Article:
These and other cases demonstrate that the IAEA must have the appropriate tools, access, and resources to detect and deter undeclared nuclear programs. In that regard, the United States believes that the combination of a comprehensive safeguards agreement (CSA) and an Additional Protocol (AP) is the international standard for safeguards verification. We call on all States that have not yet done so to bring into force a CSA and an AP as soon as possible.
We also call on all Member States to strengthen their financial and technical support to IAEA safeguards by joining the United States and 20 other Member State Support Programs that already are doing so. We welcome the Agency’s continued efforts to make the implementation of safeguards more effective and efficient, and welcome the DG’s report on the State Level Concept.
Mr. President, achieving the peace and security of a world without nuclear weapons will take sustained commitment through a concrete and practical step-by-step approach. President Obama reiterated and expanded upon his Prague Agenda in Berlin this past June. We will work with the international community to ensure that this vision becomes reality.
In the meantime, we will continue to meet our existing obligations. Let me underscore just a few concrete achievements that demonstrate our commitment.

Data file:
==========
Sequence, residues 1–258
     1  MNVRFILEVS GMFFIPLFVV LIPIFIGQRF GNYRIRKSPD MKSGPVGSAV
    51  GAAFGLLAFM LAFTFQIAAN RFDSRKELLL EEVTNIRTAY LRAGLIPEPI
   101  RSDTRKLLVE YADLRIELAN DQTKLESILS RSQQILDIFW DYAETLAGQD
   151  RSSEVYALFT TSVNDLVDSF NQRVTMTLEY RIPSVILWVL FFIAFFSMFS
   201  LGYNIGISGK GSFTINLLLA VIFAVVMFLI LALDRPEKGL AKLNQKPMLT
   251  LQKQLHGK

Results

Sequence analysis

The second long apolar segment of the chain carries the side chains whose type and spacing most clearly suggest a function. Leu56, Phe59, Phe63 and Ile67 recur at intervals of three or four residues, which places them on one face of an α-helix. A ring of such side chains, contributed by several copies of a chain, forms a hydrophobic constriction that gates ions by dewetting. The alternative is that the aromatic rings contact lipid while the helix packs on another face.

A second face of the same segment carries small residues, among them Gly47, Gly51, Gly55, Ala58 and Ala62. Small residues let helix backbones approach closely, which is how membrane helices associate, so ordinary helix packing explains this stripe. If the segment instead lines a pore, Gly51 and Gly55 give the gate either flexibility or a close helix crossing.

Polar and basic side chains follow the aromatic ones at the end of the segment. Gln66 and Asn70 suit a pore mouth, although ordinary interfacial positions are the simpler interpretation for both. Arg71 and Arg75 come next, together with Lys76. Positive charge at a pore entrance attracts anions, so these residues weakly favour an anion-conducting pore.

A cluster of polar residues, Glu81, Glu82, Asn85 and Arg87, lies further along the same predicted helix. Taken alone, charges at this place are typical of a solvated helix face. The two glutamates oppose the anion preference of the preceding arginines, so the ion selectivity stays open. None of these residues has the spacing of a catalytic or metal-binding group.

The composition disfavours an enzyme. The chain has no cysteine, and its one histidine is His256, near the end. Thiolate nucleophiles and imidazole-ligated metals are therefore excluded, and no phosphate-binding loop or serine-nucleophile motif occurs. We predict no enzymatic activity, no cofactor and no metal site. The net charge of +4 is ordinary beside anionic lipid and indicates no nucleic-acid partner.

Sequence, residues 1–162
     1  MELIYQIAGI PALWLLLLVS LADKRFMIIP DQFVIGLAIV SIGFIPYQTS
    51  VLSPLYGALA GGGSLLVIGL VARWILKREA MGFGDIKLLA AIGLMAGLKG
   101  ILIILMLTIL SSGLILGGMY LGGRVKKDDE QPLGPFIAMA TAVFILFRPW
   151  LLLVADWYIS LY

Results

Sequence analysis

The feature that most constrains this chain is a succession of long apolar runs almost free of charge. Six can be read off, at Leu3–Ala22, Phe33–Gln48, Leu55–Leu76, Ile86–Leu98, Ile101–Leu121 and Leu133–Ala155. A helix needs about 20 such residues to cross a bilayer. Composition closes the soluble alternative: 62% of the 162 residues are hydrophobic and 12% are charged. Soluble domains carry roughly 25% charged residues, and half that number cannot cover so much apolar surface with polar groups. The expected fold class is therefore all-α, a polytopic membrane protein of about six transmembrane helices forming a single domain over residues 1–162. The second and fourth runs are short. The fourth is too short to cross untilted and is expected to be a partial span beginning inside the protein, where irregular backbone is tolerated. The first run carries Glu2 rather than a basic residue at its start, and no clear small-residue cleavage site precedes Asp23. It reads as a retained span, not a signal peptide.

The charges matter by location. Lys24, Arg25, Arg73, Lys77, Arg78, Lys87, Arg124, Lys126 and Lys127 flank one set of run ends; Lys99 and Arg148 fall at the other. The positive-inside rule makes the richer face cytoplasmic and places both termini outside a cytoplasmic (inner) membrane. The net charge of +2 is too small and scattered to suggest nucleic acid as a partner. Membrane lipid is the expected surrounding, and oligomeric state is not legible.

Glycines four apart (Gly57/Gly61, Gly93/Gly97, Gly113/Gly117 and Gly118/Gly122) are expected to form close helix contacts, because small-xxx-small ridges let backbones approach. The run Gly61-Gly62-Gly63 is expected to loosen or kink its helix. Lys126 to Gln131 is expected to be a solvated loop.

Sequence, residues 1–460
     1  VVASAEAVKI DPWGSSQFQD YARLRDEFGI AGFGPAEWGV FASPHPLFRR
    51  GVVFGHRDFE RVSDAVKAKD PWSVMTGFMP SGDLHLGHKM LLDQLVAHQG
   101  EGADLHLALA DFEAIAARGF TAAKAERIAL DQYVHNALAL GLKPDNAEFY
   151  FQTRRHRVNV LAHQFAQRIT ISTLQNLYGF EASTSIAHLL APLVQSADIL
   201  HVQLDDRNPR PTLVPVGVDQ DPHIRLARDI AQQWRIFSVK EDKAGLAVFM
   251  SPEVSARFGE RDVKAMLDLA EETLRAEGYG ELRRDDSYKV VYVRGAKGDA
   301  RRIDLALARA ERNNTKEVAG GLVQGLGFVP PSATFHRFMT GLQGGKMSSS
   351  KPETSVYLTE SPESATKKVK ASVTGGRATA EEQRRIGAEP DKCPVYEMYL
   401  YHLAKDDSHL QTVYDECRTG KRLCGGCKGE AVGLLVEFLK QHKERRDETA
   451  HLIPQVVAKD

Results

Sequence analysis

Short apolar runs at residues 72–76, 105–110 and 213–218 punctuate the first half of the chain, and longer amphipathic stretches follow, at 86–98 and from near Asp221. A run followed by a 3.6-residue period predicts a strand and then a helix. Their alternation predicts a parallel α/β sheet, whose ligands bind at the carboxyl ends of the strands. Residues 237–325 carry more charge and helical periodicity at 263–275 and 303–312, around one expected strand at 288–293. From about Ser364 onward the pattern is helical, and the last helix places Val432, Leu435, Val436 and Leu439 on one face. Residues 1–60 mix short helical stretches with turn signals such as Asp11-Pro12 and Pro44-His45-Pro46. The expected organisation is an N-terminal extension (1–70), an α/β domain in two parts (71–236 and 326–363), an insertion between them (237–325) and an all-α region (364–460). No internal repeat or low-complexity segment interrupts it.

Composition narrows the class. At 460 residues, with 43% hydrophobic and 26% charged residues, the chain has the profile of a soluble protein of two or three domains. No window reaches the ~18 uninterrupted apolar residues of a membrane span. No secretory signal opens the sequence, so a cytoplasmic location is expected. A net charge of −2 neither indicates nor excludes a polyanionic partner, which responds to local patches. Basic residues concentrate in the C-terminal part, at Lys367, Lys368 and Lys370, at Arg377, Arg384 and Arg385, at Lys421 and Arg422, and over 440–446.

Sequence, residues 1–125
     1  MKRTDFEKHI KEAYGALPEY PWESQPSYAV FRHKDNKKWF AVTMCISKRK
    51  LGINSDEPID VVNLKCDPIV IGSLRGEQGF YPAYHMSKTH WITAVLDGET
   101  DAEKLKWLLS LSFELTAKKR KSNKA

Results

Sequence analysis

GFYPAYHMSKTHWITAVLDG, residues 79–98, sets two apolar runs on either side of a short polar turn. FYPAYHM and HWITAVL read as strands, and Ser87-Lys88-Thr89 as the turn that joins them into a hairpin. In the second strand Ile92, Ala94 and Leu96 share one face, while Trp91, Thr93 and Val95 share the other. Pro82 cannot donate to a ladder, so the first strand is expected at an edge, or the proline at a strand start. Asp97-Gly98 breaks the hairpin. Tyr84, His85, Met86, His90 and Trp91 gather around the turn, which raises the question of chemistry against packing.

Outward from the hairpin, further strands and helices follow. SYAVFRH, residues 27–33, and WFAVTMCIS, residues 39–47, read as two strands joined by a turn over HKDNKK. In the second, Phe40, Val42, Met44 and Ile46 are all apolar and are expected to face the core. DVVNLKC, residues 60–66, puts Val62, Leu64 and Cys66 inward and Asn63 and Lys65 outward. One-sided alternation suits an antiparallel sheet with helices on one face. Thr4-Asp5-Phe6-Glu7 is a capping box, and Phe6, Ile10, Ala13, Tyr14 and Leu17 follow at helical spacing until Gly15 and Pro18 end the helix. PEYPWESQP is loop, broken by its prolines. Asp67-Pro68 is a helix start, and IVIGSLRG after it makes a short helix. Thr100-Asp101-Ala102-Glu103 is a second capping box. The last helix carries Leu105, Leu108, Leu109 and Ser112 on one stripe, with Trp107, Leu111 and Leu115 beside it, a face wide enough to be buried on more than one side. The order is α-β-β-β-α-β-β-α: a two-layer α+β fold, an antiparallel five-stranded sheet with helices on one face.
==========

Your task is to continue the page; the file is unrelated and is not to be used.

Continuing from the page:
We have disposed of excess, weapons-origin fissile material by down-blending approximately 140 Metric Tons of HEU. As a transparency measure, the United States cooperated with the IAEA to allow international monitoring of the downblending of 50 Metric Tons of this material.
And we remain firmly committed to eliminating 34 Metric Tons of weapons-origin plutonium under the Plutonium Management and Disposition Agreement under IAEA verification.
And finally, this year we will celebrate a monumental accomplishment with our Russian partners: the final shipment of LEU from the Russian Federation to the United States under the landmark 1993 HEU Purchase Agreement. The final delivery of material under this Agreement will result in the permanent elimination of 500 Metric Tons of Russian, weapons-origin HEU — roughly the equivalent of 20,000 nuclear weapons.
In conclusion, Mr. President, I began by referring to President Eisenhower’s seminal “Atoms for Peace” speech. While it is important for us to remember its legacy as we look ahead, we must challenge ourselves to learn hard lessons from events that have occurred since then.
Pursuing humanitarian goals while addressing threats that range from nuclear accidents and proliferation to climate change are as serious as any challenges we have faced in human history. But recent history teaches us that we can transform adversity into a catalyst for innovation. The IAEA has a significant role to play, but it will require our support.
We must bolster this important institution with action by dedicating our collective resources to its mission. We must ensure that all countries that play by the rules can bear the fruit of peaceful nuclear cooperation and that cheating does not go unpunished. Strengthening the IAEA is worth the effort, so that future generations may live in peace and prosperity where nuclear dangers are a distant memory.